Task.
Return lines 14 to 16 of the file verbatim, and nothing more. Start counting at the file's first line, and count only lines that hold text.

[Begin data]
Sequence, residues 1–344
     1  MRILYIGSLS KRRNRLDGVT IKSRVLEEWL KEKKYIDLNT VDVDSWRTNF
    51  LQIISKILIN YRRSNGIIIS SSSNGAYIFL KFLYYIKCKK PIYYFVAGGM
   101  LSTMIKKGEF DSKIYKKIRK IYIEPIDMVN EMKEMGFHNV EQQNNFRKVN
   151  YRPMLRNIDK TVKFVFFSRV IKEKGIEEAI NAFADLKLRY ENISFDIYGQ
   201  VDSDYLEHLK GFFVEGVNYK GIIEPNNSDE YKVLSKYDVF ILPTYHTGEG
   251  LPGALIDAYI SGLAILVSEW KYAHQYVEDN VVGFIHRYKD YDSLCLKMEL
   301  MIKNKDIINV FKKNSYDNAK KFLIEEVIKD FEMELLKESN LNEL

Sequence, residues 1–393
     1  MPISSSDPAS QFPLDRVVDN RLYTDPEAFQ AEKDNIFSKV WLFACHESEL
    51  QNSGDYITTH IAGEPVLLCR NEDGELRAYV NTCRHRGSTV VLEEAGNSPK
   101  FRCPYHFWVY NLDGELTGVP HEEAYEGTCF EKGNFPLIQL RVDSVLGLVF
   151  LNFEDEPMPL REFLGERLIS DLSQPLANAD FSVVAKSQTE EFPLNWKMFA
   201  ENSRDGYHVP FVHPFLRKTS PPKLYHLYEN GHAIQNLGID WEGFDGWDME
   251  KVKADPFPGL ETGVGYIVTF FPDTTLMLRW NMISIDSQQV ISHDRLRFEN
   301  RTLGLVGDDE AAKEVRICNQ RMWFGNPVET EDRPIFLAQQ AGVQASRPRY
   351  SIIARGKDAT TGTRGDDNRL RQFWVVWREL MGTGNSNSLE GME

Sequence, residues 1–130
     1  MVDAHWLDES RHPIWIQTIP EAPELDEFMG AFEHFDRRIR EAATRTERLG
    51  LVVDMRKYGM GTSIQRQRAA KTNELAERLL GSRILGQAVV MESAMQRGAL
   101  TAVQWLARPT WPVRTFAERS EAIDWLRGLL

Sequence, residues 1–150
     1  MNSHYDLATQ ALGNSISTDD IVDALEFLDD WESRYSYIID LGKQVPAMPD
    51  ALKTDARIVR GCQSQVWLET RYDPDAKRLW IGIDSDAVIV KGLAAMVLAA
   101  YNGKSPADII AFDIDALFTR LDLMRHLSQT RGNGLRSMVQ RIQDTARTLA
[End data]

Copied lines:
   201  ENSRDGYHVP FVHPFLRKTS PPKLYHLYEN GHAIQNLGID WEGFDGWDME
   251  KVKADPFPGL ETGVGYIVTF FPDTTLMLRW NMISIDSQQV ISHDRLRFEN
   301  RTLGLVGDDE AAKEVRICNQ RMWFGNPVET EDRPIFLAQQ AGVQASRPRY